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I was helping a colleague who was having problems with a background process intermittently dying.

I found out that they were starting the background process by logging in to the server and executing:

su - <user> -c '<command>' &

"Aha", I exclaimed. "If you start a command with "&" it will hang-up when you exit the controlling terminal. You need to use something like nohup to achieve this. Really this process needs to support running as a daemon, tut tut."

We tested the above command to demonstrate my point and... it seemed to work: the process started by command didn't exit when the we exited the terminal that ran the above command.

command is a custom Python script whose output goes to a file. As far as I can tell there is no intelligent "daemonize" like capability in the script. It doesn't do any of the things needed to run as a daemon listed here 1

Running the command like so behaves as expected:

<command> &
exit

In the above case the background process started by command exits when we exit the terminal.

My question is this:

  1. What is happening when we add "su - -c &" that prevents the process from exiting when our terminal exits. I would like to understand in detail with respect to the controlling terminal, standard input and output etc.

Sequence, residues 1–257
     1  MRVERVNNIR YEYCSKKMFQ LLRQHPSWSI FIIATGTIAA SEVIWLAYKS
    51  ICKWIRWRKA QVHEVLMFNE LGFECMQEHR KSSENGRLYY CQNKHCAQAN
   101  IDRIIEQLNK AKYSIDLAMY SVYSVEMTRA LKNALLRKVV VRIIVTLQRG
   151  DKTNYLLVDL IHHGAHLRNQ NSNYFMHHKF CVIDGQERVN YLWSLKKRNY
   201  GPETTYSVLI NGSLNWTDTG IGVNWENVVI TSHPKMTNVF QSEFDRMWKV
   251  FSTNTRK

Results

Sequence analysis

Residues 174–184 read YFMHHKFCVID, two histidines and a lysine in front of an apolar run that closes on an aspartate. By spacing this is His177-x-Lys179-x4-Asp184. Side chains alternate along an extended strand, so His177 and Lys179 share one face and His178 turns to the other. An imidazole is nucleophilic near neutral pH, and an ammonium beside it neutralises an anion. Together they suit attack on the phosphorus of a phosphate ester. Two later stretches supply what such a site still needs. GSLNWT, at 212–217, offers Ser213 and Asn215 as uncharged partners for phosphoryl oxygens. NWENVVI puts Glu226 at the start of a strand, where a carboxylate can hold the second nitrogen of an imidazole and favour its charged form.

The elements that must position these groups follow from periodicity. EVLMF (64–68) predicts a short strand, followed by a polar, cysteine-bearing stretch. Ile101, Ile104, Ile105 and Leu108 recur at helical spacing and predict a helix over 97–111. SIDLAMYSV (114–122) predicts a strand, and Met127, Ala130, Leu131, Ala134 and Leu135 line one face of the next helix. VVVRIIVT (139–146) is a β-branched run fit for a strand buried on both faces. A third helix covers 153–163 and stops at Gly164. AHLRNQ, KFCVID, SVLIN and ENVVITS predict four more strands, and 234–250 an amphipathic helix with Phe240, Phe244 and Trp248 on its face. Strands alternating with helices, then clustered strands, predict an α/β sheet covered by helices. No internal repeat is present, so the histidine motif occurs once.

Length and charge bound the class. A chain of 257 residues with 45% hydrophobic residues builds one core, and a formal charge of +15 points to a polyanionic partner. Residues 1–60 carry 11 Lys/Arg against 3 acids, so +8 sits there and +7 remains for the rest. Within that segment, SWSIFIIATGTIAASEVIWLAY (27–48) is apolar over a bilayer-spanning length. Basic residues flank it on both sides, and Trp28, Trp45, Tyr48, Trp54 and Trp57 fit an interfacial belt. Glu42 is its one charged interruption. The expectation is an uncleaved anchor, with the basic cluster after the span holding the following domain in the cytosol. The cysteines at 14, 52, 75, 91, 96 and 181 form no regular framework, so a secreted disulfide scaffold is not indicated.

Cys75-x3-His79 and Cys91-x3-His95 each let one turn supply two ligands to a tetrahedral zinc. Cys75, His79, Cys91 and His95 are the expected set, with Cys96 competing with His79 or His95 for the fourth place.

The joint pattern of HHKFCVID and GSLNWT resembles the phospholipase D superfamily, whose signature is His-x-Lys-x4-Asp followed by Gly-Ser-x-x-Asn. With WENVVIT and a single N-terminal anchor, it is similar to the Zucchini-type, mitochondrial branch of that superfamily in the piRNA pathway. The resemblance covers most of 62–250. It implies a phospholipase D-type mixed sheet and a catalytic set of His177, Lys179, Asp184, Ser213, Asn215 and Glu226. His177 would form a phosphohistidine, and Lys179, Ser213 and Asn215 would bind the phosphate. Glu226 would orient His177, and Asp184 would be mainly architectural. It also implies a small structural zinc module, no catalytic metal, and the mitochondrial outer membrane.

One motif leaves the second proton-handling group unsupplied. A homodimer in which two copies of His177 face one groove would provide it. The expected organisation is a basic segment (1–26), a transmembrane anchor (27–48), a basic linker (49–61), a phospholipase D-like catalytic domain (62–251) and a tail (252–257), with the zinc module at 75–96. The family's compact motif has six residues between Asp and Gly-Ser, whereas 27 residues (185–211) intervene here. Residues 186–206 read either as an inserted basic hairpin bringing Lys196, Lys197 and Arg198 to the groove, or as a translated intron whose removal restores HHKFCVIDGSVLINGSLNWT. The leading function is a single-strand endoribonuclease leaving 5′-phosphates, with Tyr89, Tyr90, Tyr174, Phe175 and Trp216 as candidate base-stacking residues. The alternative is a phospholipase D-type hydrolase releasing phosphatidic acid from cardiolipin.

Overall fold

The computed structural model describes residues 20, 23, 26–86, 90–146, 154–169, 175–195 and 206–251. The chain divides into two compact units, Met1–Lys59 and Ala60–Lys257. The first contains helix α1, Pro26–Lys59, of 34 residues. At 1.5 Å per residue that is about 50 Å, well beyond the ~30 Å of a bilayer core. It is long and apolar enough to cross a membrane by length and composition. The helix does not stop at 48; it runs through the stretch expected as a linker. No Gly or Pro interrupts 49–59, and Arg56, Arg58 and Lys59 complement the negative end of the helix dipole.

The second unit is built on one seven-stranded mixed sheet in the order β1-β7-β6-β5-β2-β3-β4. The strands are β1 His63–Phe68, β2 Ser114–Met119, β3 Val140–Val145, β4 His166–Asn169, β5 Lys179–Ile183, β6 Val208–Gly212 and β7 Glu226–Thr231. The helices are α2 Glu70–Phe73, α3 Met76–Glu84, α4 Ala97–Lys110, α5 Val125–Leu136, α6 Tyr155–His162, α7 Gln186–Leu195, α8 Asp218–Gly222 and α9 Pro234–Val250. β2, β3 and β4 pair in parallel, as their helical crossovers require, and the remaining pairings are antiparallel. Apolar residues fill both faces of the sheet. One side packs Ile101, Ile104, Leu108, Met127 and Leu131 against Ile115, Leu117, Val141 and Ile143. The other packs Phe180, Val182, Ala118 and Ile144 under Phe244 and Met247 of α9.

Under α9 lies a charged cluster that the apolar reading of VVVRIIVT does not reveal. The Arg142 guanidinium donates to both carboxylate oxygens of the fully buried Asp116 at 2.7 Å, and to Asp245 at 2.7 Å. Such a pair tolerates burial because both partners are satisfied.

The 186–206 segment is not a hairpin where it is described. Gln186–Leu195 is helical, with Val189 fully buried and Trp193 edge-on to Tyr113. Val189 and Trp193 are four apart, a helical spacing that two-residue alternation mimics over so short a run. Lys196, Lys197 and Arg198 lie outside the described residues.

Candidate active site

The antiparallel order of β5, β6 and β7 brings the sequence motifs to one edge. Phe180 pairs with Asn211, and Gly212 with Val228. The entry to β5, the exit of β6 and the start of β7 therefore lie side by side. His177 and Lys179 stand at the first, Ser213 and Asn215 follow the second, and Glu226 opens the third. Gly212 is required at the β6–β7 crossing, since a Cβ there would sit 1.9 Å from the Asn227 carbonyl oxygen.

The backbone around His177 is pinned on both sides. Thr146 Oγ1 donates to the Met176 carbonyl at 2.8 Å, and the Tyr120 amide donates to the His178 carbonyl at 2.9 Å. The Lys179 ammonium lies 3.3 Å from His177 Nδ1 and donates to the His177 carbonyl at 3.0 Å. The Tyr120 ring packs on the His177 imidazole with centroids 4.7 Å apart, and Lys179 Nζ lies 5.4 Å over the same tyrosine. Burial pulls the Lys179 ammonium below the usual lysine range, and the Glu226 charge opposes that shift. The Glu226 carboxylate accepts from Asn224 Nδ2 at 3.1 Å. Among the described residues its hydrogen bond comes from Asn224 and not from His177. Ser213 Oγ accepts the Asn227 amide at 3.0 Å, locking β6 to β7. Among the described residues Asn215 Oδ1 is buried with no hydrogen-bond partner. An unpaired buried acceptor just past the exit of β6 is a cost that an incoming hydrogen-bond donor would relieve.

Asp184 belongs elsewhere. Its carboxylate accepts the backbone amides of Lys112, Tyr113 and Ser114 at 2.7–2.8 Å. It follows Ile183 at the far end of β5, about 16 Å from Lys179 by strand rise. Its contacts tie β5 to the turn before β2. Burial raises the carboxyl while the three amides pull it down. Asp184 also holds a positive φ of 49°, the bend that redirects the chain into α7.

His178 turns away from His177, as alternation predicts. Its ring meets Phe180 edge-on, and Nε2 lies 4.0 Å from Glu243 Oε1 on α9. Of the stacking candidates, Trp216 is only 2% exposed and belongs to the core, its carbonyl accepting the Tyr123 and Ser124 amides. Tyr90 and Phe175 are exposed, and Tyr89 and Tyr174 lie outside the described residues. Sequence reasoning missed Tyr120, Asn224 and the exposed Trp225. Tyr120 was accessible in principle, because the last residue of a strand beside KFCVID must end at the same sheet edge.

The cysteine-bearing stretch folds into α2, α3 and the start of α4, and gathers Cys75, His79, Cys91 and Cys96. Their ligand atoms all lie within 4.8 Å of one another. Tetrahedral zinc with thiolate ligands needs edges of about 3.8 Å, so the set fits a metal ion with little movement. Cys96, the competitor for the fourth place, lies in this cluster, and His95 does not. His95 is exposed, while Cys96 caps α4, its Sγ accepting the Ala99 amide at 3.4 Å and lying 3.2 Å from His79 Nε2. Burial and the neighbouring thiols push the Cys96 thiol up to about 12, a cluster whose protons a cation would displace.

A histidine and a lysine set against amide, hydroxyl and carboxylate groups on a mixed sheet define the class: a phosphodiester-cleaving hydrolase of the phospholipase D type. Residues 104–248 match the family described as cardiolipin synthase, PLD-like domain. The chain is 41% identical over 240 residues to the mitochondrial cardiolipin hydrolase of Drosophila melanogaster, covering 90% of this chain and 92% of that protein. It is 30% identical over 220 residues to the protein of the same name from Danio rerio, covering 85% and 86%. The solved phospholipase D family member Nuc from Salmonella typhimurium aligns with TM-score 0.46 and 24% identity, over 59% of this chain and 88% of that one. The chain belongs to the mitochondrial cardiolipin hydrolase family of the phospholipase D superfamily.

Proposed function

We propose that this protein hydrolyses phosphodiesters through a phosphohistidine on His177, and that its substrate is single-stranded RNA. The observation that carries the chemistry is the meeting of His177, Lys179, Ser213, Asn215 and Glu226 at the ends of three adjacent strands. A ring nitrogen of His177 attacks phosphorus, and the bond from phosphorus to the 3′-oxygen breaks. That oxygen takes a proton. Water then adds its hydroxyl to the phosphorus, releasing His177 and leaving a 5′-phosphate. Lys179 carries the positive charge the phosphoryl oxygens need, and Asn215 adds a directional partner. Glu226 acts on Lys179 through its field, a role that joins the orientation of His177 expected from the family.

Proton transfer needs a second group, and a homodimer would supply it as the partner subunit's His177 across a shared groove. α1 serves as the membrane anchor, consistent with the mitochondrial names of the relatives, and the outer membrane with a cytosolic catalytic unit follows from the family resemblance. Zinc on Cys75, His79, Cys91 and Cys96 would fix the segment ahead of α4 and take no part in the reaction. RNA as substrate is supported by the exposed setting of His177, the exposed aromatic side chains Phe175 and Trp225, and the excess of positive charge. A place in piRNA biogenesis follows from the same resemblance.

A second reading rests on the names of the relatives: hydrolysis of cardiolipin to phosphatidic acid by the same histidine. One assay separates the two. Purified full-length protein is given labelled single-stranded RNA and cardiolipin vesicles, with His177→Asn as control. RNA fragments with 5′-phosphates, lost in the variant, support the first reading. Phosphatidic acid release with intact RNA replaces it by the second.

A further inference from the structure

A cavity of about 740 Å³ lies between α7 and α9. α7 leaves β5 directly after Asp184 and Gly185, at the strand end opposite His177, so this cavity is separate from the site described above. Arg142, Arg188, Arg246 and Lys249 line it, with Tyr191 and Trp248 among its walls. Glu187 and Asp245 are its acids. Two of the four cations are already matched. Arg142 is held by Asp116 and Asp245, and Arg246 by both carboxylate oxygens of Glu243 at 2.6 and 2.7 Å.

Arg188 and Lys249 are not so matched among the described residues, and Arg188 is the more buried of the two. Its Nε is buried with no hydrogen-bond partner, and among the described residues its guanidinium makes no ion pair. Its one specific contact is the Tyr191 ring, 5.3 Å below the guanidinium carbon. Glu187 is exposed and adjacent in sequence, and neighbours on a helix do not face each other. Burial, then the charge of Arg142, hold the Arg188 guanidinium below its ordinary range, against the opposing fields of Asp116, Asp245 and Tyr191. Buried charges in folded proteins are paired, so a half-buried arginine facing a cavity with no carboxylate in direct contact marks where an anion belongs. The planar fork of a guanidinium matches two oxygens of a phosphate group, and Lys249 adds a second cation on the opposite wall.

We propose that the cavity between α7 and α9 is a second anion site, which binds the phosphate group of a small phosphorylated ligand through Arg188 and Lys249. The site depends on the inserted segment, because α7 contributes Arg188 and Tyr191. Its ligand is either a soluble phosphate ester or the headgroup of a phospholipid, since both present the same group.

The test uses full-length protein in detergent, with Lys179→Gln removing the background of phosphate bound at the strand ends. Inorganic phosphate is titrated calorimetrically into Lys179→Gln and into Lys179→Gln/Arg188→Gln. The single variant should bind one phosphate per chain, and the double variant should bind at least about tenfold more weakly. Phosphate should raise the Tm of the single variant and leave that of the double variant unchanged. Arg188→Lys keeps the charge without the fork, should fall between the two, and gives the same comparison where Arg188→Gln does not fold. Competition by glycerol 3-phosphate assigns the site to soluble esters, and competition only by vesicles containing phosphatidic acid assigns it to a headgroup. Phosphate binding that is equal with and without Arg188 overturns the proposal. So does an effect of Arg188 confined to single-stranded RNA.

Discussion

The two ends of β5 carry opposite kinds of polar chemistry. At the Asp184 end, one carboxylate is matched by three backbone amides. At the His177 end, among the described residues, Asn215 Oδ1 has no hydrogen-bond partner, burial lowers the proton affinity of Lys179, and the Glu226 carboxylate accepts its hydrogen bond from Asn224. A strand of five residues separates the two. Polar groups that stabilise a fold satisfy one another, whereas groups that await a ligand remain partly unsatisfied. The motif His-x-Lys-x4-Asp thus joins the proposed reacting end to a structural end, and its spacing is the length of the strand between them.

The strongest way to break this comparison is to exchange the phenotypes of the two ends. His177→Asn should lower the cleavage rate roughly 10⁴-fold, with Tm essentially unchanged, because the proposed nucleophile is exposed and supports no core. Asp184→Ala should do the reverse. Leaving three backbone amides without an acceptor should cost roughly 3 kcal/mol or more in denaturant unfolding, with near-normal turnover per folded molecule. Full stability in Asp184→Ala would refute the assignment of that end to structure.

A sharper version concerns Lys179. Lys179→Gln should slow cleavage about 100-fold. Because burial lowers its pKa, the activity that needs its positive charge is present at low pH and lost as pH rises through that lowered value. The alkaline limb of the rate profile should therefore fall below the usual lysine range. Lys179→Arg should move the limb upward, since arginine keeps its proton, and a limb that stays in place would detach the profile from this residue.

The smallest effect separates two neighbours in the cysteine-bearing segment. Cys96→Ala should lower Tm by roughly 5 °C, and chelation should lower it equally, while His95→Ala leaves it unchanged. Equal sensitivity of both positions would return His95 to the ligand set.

2. Is this a reasonable way to achieve the goal of running this command as a background process. If not why, not?

I want to propagate best practice within my company, but I need to be able to demonstrate and back-up any recommendations I make.

Also, I just want to understand what is going on exactly.

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1 Answer

There are several ways a process might be killed because of a dying terminal.

  1. The first way is that the terminal driver in the kernel sends a SIGHUP signal to the controlling process for which the terminal is the controlling terminal. In most cases, the controlling process is the shell that is initially started in the terminal, and its controlling terminal is the one that its stdin, stdout and stderr are connected to. A process becomes disconnected from the controlling terminal if it calls setsid.

  2. The second way is that the shell, when it receives SIGHUP, re-sends that signal to its subprocesses — more precisely, to its background jobs. Some shells (ksh, bash, zsh) have a disown builtin to tell the shell not to send a SIGHUP to a particular job.

  3. If the terminal goes away and a program tries to read from it, it is notified of an end-of-file condition (or possibly EIO for a background job). If the terminal goes away and a program tries to write to it, the write returns with an EIO error. These might cause the program to exit.

So what su changes here is that (2) would normally cause the initial shell to kill the background job, but since that background process is running as a different user, the signal cannot be delivered, and the background process lives on.

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